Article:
I am on a Debian 8 System trying to determine the processes and their respective runtime of a certain user:

$ ps -u <user>
  PID TTY          TIME CMD
26038 ?        00:00:00 php5-fpm
26052 ?        00:00:00 php5-fpm
26950 ?        00:00:00 php5-fpm
27344 ?        00:00:00 php5-fpm
28292 ?        00:00:00 php5-fpm
28691 ?        01:54:21 python3 /usr/lo
$ which ps  # ps is not aliased or so.

Now I additionally want the elapsed time for the respective processes. So I tried:

$ ps -o cmd=,etime= -u <user>
php-fpm: pool <user>         00:36
php-fpm: pool <user>         00:36
php-fpm: pool <user>         00:24
php-fpm: pool <user>         00:18
php-fpm: pool <user>         00:04
python3 /usr/local/bin/fixw    17:39:44

However I want to have the short process names php-fpm as in the first output, not the long names of the second one. I could not find any ways to so it, reading ps's man page.
How do I get the CMD of output #1 with the elapsed time of output #2?

Solution @StephenKitt's answer was the missing hint. However, I needed to modify it slightly. Strange output:

$ ps -o comm=,etime= -u <user>
python3 /usr/lo

Separated options work:

$ ps -o comm= -o etime= -u <user>
php5-fpm              00:55
php5-fpm              00:27
php5-fpm              00:24
php5-fpm              00:13
php5-fpm              00:08
python3 /usr/lo    17:49:38
  • If you use the correct CLI from the man page (`ps -o comm,etime -u <user>) it works ;-)
    – schily
    Jun 19, 2018 at 8:29
  • Then I get unwanted headers. Jun 19, 2018 at 8:45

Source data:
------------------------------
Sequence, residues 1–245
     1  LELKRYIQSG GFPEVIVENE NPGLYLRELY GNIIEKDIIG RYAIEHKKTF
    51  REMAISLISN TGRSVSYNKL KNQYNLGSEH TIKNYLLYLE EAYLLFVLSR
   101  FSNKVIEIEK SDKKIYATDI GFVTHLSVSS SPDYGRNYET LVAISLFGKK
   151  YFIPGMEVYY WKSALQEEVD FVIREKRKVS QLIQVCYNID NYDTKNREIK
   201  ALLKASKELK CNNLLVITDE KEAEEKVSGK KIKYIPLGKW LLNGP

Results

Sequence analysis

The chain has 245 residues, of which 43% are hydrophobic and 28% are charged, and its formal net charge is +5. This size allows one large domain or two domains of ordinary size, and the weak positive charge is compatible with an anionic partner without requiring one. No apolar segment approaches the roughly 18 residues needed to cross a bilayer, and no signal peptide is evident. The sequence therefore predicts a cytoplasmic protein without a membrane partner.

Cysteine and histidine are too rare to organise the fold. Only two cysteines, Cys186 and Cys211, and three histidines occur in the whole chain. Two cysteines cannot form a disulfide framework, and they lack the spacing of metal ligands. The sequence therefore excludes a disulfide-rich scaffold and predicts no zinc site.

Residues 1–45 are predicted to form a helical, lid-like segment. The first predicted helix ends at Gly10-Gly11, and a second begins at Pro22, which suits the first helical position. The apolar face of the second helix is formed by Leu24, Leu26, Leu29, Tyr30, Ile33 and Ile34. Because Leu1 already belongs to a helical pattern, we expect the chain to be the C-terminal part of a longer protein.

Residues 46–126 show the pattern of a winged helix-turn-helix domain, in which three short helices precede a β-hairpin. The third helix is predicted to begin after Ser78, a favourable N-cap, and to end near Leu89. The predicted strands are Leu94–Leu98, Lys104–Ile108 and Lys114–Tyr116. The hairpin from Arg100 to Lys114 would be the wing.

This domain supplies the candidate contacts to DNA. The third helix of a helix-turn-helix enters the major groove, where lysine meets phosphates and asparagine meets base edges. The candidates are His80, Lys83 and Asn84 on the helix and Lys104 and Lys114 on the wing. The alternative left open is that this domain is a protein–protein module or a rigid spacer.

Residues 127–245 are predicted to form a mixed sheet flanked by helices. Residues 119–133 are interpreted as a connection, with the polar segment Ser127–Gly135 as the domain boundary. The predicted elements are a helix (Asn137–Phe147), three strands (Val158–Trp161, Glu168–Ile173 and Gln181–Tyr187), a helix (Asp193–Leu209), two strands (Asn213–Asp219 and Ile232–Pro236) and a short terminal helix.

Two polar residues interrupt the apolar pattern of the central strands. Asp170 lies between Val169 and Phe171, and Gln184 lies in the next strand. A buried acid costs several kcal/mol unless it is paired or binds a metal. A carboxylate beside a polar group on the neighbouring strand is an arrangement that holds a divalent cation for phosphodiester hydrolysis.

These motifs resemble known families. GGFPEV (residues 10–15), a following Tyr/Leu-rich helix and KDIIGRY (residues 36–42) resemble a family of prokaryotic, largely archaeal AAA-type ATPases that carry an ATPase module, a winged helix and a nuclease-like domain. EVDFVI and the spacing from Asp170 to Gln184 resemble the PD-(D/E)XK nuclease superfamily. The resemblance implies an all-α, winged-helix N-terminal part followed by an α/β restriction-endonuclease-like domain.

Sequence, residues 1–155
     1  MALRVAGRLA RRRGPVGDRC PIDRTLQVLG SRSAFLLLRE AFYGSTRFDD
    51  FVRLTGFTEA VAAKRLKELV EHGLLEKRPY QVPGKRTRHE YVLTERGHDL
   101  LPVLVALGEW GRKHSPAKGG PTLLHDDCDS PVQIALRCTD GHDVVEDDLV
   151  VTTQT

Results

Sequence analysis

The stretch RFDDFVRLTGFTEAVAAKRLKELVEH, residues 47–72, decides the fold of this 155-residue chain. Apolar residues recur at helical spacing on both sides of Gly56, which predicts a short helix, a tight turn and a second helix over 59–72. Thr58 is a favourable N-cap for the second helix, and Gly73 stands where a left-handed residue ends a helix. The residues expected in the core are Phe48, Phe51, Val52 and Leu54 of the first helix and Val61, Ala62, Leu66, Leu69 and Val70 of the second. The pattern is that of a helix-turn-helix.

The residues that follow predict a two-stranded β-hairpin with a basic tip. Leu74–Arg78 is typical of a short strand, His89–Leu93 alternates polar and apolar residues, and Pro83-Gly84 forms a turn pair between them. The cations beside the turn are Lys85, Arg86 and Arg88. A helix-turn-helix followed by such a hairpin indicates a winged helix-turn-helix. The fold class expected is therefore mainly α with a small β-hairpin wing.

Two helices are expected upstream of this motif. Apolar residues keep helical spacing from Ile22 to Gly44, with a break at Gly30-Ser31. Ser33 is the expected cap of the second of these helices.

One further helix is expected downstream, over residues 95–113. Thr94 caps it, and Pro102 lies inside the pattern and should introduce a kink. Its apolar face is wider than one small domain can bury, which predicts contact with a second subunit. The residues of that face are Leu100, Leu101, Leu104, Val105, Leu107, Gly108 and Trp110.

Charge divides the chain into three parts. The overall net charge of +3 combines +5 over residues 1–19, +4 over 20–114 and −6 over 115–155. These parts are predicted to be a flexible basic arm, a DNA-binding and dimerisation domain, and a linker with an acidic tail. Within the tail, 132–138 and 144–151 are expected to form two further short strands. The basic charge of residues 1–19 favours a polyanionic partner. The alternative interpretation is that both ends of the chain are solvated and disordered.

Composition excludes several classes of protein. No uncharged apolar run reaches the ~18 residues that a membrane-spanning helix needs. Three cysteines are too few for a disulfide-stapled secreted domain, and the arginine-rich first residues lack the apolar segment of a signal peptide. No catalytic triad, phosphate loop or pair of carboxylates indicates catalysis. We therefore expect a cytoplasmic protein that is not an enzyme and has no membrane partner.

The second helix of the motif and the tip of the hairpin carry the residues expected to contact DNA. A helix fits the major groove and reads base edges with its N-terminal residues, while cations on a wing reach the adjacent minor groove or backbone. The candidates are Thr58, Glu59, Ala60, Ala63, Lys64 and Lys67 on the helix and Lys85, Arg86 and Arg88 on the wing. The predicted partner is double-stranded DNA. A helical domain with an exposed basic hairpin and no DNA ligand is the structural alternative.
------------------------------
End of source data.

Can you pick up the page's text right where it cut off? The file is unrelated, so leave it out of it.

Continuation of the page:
1 Answer 1


Despite the column name, the output you’re looking for is comm rather than cmd:

ps -o comm= -o etime= -u <user>

cmd is a non-standard alias for args and shows the command with all its arguments, including any modifications the process has made.

comm is the process name which on Linux by default is the first 15 bytes of the base name of the last file the process executed (or is the same name as its parent process if it didn't execute any file, or the task name for kernel tasks), and can be modified with the PR_SET_NAME prctl().

Note that etime is the amount of time since the process was spawned, and a process can (and often does) run more than one command in their lifetime, so if you see cmd 00:03, that doesn't necessarily mean cmd has been running for 3 seconds, the process that is currently running cmd could very well have run some other command before.

$ sh -c 'sleep 3; exec ps -o comm= -o etime='
zsh                   13:48
ps                    00:03

The process running ps was previously running sh during which it spent most of its time waiting for another process running sleep (after having run sh for a very short time).

  • @Stéphane not at all, thanks! Your mention of prctl prompted me to re-read the ps manpage (from procps-ng) and it turns out it’s slightly inaccurate since it claims the comm entry doesn’t show name changes, but a quick test reveals it does. (I’ll send a patch...) Jun 19, 2018 at 8:26

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